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CMO totals for 2018 and CMO subscriptions for 2019

Congregation Mission Offerings (CMO) received in 2018 totaled $21,111,878. We are grateful for this generous support our synod’s mission and ministry. The total, however, was $246,000 (1.2%) below the offerings received in 2017 and $148,000 (0.7%) less than what congregations had indicated in their CMO subscriptions for the year. More than a decade of flat, and now even decreasing, CMO has made it increasingly challenging to maintain our current level of ministry, not to mention to seize some of the many gospel opportunities that God is graciously placing before us.

Adding to that challenge is the fact that subscriptions for 2019 are $20,913,700, nearly 1% less than 2018 receipts. Since our planning forecasted that subscriptions would be met in 2018 and that subscriptions for 2019 would increase by 0.5%, the task to maintain and expand ministry has become even more difficult. The results for 2018 and subscriptions for 2019 are $350,000 less than the forecast and compound to reductions from what was used for planning the next biennium of $454,000 and $456,000 for Fiscal Year 20 and Fiscal Year 21, respectively.

One bit of good news is that offerings for January 2019 were 6.4% higher than the January offerings in 2018.

At its meeting later this week, the Synodical Council will be looking to adopt a Ministry Financial Plan that recognizes these financial realities. All areas of ministry have been asked to look for ways to economize and to plan for less spending than what had been anticipated. Once a plan for the next two years is adopted by the Synodical Council, it will be forwarded to the synod convention this summer for approval.

As the economy improves, we pray that God will enable congregations to meet—and even exceed—their CMO subscriptions in 2019.

Serving in Christ,
President Mark Schroeder

Church dedication in Puerto Rico

On Sept. 20, 2017, Hurricane Maria swept over the island of Puerto Rico causing great devastation and destruction.

WELS members responded generously with gifts to WELS Christian Aid and Relief. But the devastation caused by the storm made communication with fellow Christians in Puerto Rico difficult. It was hard to know what needed to be done to help and how that help could be delivered.

Early last summer WELS Christian Aid and Relief sent retired missionary Rev. Larry Schlomer Sr. to the island. He was asked to stay for up to a year to help the church leaders determine what needed to be done and then to help organize relief and rebuilding efforts.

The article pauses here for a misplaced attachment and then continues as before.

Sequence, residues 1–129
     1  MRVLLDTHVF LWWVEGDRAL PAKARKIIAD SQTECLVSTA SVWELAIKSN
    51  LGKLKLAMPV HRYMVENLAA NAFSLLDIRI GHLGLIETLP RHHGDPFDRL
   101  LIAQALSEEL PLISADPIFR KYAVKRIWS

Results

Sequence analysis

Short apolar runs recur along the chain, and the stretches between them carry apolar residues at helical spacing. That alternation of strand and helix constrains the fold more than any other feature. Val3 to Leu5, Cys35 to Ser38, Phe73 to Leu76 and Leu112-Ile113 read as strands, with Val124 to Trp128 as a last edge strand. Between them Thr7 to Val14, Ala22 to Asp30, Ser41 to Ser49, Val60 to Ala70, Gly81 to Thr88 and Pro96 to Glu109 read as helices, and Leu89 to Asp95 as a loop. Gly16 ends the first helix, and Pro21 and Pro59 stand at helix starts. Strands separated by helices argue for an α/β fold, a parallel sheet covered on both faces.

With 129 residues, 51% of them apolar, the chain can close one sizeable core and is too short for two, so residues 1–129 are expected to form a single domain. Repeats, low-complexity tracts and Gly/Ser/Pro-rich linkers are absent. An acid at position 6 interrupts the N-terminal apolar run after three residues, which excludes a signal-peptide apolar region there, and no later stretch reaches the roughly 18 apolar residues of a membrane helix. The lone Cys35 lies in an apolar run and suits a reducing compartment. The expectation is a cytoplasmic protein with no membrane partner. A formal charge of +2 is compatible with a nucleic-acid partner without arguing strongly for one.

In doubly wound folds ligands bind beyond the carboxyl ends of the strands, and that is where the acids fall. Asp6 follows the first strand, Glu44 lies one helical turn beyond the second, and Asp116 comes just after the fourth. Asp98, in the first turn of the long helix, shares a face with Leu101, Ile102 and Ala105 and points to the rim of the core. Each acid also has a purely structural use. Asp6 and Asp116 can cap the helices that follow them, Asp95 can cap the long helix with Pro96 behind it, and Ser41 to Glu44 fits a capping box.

God has graciously taken care of the people of the Evangelical Lutheran Church of Puerto Rico and restored their church in Humacao. On Feb. 10, 2019, this church celebrated the completion of the rebuilt church with a dedication service. Many of the national pastors were in attendance along with Rev. Larry Schlomer Sr., WELS President Rev. Mark Schroeder, and Rev. Tim Satorius.

View a slideshow of the dedication service.

WELS CAR - Puerto Rico Church Rededication

Women’s ministry conference highlights being “living stones”

“You also, like living stones, are being built into a spiritual house to be a holy priesthood, offering spiritual sacrifices acceptable to God through Jesus Christ” (1 Peter 2:5).

The focal point of the upcoming 2019 WELS Women’s Ministry Conference, being held at Luther Preparatory School, Watertown, Wis., July 18–20, is “living stones” and how Christian women are called to be a part of something bigger.

Mrs. Dawn Schulz, conference coordinator, says the committee chose 1 Peter as the conference’s inspiration because it’s a great encouragement to women. “A ‘living stone’ is a woman who uses her God-given talents and gifts to build up God’s kingdom and to bless those around her, wherever that may be,” Schulz says. “Just like Jesus, we are special to God. We are chosen for a reason.”

A range of speakers will discuss the topic of living stones in keynote addresses and breakout sessions. One of the main points of the conference is how Christians fit together, like stones on a building. Each stone possesses unique qualities to serve God’s kingdom. To emphasize this point, the speakers have a range of backgrounds, including a lawyer, a pastor, and a ministry coordinator.

“We wanted to provide opportunities for a wide scope of presentations,” Schulz says. “The speakers who were chosen are people who have been speaking and researching God’s Word and will bring light to the fact that God uses every single person in his kingdom.”

The conference also will dive into how Christian women should look at the individuality of each person to more effectively share the gospel. For example, a young adult ministry professional as well as a panel of college students will emphasize how to reach younger generations today.